A man in his thirties travels to a remote cabin to reconnect with his estranged father.
Release Date: 2019 | Runtime: 1hr 36min | Genre: Thriller | Source: Bought | Starred Review
Come to Daddy Review
Elijah Wood has such a fascinating career. He started with standard kid fare like Flipper and North. Then he made the Lord of the Rings movies and acquired his “fuck you money.” Now Elijah Wood does whatever the hell he wants. This has led to some interesting projects where he has done everything from fight zombies in an elementary school to play the piano so that John Cusack doesn’t shoot him. Come to Daddy is another solid entry to his increasingly bananas filmography.
Wood plays Norval, a man with an amazing name, an amazing haircut and an amazing moustache. Go Google an image of the character and come back before proceeding. See what I mean? Anyway, Norval receives a letter from his estranged father to come and see him so he goes out to his dad’s remote cabin to reconnect with him. Things don’t get off to a very good start. His father seems to not only be confused about why Norval is there, but actively angry about it. He antagonizes Norval at every possible opportunity, even going as far as to taunt him with wine when he learns Norval is a recovering alcoholic. Those are all the plot details I will divulge because I highly recommend going into this one knowing as little as I did.
Come to Daddy has a very strong first half. The underlying mystery of the Dad’s behaviour and his aggression towards Norval makes for some truly tense scenes. The early minutes showing Norval’s journey and just how isolated this cabin is makes it clear that there is nowhere for him to go. His phone is “accidentally” broken early on so he is on his own with what appears to be his very unstable father. Any attempts to connect with each other fail and the aggression only grows and grows. Stephen McHattie is great as his dad, jumping seamlessly between subtle contempt and over the top rage.
This is a tough one to get into because I don’t want to give anything away, but I can say that the back half of the movie can’t match what comes before it. Once the movie reveals its hand and gives you more insight into what is happening, I was personally a little disappointed. It does such a great job of building suspense and then it fizzles out. It felt like a roller coaster that finally got to the top of the crest and instead of plummeting you back down, it immediately stopped and you were told to get off the ride.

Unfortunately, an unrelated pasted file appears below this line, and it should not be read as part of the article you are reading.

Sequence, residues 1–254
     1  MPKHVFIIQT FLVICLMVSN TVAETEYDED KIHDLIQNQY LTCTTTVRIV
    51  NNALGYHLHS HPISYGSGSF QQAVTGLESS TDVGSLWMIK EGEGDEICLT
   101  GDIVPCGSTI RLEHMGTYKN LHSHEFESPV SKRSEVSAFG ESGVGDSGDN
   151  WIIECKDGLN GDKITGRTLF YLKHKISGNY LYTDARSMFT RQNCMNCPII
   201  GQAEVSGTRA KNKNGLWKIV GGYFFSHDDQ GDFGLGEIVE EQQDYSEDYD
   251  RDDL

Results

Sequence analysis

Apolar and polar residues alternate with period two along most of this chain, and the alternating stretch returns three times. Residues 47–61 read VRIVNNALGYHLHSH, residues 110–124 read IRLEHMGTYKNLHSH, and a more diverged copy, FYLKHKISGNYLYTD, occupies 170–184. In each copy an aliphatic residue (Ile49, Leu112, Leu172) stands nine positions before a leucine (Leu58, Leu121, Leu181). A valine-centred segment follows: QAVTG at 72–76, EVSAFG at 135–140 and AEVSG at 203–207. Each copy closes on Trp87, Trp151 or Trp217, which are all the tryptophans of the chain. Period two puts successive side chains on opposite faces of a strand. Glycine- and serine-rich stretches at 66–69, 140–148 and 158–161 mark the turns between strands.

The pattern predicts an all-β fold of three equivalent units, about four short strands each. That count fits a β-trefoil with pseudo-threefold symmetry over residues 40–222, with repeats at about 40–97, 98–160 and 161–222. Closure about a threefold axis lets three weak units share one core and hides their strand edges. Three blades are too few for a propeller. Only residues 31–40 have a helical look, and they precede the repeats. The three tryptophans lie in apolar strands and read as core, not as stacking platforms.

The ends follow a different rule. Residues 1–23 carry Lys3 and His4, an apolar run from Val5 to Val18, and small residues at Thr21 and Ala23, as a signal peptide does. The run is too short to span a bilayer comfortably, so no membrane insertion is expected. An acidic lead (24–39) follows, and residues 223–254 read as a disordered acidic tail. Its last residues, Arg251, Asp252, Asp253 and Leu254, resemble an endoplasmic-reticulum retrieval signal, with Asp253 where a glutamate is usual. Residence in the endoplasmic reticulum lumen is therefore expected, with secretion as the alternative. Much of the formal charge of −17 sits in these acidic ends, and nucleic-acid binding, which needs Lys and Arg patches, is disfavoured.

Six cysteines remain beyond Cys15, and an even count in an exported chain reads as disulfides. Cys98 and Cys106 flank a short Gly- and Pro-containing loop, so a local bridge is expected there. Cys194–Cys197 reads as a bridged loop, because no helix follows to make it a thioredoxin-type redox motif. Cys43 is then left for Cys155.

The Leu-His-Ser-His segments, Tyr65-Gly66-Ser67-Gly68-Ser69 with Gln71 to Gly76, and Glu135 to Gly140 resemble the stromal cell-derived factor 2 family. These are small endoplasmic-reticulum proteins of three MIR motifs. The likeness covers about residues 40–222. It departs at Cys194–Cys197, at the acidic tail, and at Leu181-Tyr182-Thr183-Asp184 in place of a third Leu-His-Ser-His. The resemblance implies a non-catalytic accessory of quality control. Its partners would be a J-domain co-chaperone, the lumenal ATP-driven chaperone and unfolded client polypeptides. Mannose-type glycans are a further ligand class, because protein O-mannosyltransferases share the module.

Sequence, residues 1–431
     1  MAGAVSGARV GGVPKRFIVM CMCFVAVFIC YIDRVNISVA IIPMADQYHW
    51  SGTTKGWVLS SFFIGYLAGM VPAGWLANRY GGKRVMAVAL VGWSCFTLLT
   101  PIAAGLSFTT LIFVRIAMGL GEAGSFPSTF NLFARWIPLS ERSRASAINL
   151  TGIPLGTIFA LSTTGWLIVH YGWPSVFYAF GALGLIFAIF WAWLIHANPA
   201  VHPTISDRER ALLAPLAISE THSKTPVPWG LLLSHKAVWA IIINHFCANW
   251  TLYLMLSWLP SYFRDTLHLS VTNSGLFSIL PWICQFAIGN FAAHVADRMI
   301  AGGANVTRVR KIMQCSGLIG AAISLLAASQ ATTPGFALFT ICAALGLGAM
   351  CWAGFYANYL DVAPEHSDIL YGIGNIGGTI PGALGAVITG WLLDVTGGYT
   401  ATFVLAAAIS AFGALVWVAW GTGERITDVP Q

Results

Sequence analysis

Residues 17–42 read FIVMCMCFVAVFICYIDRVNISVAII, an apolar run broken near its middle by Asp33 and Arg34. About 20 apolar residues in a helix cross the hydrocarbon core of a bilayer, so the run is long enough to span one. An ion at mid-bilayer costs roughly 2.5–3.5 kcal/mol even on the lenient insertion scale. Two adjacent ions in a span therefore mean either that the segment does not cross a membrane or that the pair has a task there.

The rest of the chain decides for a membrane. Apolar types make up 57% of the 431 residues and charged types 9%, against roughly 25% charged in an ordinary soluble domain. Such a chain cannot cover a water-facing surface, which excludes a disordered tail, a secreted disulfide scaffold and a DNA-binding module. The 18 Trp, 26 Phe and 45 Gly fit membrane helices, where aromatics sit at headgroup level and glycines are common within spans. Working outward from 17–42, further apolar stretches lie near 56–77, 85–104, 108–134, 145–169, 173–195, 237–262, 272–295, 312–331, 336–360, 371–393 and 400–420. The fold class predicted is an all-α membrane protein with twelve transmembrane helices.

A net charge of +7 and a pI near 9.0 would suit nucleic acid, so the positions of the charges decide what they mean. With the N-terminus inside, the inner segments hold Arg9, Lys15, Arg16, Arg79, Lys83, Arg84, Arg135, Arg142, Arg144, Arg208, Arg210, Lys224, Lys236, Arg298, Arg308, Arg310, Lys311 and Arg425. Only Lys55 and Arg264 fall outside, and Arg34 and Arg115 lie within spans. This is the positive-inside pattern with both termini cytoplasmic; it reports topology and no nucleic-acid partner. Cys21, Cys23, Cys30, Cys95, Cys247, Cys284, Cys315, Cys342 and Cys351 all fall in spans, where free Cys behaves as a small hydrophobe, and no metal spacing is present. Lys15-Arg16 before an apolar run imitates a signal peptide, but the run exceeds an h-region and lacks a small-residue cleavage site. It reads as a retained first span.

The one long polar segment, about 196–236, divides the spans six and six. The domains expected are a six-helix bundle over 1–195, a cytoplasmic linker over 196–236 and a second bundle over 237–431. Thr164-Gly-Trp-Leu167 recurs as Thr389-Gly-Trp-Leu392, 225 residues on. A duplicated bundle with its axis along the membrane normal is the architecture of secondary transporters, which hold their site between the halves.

While the mid-point reveal is disappointing, it did leave me in a place where I had no idea where the movie could possibly go for the next 45 minutes. So, I guess more accurately, it’s a roller coaster that gets to the top and then all of a sudden you’re in the middle of a pie fight. You’re bummed there’s no roller coaster, you’re confused about what the hell is happening, but hey this is pretty cool too so why not see where it goes?
Come to Daddy’s suspenseful first half gives way to a tonal shift into black comedy in the latter half that isn’t as strong as what came before it, but as a whole it makes for a strange and entertaining ride. It’s also another impressive effort from Wood who continues his goal to take on unique and unexpected projects. I will continue to follow that man in whatever strange directions he insists on taking me.